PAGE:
The report is based on interviews in October 2013 and January 2014 with Senegalese civil society activists, government officials, Quranic teachers, religious authorities, and current and former students in Quranic boarding schools.
It follows the April 2010 Human Rights Watch report, Off the Backs of the Children: Forced Child Begging and Other Abuses against Talibés in Senegal, which documented in detail how many men had twisted the country’s long tradition of religious education into a system of exploitation built on forcing young boys to beg.
Many boys Human Rights Watch interviewed said they were physically abused when they were unable to bring back the daily begging quota their teacher imposed. The abuse at times rises to the level of torture, including brutal beatings with whips, electrical cord, or ropes; being chained and forced into stress positions for long periods; and being burned with caustic substances.
In the town of Saint Louis, Human Rights Watch visited two Quranic schools, inhabited by boys as young as seven-years-old, that sit within ten meters of a garbage dump littered with animal carcasses, car parts, and burned refuse.
In the Dakar suburb of Guédiawaye, at least 150 young boys, some no older than six-years-old, sleep in an abandoned concrete structure with no door or windows, no electricity or water – except for pools of rainwater – hundreds of mosquitoes, and no toilet except for the dirt floor on which they stand to bathe. As is often the case in Dakar, the boys must each bring the teacher, who lives elsewhere, 500 CFA francs (US $1.00) a day from begging.
According to UNICEF, Human Rights Watch, and the U.S. State Department, these children aren’t allowed to keep their earnings or go to school, and are often starved so that they will look gaunt and cry, thereby eliciting more sympathy—and donations—from tourists.
And since disabled child beggars get more money than healthy ones, criminal groups often increase their profits by cutting out a child’s eyes, scarring his face with acid, or amputating a limb.
Beggars on the streets of Dhaka told the Guardian that gang leaders took much of their earnings. According to Mohammad Nasim, 35, who begs in Bijoy Nagar, each gang of beggars consists of around 500 members, with syndicates of beggars working under sardars (leaders).
The following comments are from journalists Saad Hammadi and Jason Burke’s article in the The Guardian:
“…Abducted children, [were] kept for months in confined spaces or even in barrels and deprived them of food. Permanently disabled by their confinement and virtual starvation, the children were then sent on to the streets of the city either accompanied with a woman posing as their mother or alone…”
”The children are kidnapped, put under the bed and left without food for several months, so that they became weak and disabled”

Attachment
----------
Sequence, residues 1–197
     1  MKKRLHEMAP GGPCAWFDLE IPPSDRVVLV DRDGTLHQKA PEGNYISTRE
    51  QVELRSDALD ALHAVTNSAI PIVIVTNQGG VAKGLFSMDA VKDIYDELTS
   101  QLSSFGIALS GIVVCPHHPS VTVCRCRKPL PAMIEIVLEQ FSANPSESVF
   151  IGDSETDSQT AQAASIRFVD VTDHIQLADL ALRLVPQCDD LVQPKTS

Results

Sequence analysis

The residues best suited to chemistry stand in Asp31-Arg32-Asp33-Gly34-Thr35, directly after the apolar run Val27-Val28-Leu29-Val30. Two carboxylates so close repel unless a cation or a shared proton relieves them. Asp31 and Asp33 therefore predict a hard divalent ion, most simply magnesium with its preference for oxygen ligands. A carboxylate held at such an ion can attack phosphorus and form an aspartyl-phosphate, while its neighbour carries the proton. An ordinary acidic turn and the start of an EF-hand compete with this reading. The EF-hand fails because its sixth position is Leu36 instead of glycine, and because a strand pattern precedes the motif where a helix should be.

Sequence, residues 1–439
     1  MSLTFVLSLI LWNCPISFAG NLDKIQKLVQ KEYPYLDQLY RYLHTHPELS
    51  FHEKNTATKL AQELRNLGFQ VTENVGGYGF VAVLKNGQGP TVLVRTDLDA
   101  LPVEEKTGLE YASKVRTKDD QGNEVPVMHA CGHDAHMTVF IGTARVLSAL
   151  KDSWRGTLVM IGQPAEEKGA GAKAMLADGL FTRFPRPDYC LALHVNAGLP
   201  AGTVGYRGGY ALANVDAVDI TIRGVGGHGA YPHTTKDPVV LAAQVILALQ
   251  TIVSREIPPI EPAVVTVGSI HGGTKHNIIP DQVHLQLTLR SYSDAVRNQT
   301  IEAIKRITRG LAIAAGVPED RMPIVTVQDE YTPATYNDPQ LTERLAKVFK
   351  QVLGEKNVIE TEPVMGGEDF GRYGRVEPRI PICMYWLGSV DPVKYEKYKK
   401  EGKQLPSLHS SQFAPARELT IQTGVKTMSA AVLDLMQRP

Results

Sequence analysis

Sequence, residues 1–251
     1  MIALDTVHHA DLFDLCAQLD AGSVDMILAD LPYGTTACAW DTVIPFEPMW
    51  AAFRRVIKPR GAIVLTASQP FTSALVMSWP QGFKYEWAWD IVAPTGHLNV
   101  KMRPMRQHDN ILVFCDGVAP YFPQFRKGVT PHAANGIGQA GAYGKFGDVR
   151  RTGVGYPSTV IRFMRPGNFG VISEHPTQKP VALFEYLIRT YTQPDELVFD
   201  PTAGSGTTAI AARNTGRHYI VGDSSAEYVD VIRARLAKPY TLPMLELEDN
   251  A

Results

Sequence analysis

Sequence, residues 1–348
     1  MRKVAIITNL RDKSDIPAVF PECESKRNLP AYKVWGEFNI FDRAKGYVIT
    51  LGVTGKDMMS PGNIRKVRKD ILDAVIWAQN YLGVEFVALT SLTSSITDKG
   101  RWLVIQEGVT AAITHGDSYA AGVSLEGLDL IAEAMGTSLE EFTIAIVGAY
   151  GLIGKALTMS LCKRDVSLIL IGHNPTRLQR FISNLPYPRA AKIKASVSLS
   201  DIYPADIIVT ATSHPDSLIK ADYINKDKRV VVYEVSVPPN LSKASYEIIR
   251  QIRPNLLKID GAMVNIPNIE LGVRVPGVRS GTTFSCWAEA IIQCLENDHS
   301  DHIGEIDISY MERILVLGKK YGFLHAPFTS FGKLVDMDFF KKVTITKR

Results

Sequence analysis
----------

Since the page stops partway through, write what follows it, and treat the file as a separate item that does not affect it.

Some estimates put the number of people living from begging in the country as high as 700,000. The total population of Bangladesh is around 135 million.
According to one U.S. State Department report it’s not just happening in Africa and India. A man in Shenzhen, China can earn as much as $40,000 per year by forcing enslaved children to beg. Horrific examples of trafficking in children (and the elderly) for the purposes of organized begging have been found in Bolivia, the Philippines, Bangladesh, Senegal, Pakistan, and even Austria, and other European countries, including the United States.
This harmful practice not only deprives children of a childhood, it is detrimental to their physical and psychological health.
It seems that no country is immune to human trafficking. And when trafficked children get too old to beg effectively, they often graduate into forced prostitution, the black-market organ trade, or other gruesome fates. 
The use of children as a workforce is another brutal abuse of an adult’s power over a child; inflicting a life of misery onto vulnerable children, whose only crime was being born.
in the year 2011 there were 11.72 million child labours identified in India. The following statistics are from a report by “Tactful Management Research Journal: A CASE STUDY OF JALGAON DISTRICT:
The age demography of child labour in India:
- Forty-six percent of child labour are of age thirteen years,
- twenty-two percent are of age twelve years,
- twenty-seven percent are of an age below ten years.
I ask, “How could society expect them to work at a job?”
The report also states that India has the largest number of child laborers under the age of fourteen-years (14) in the world. Even though Indian law prohibits children below the age of 14 from working, 12.66 million children work as child laborers, according to the data.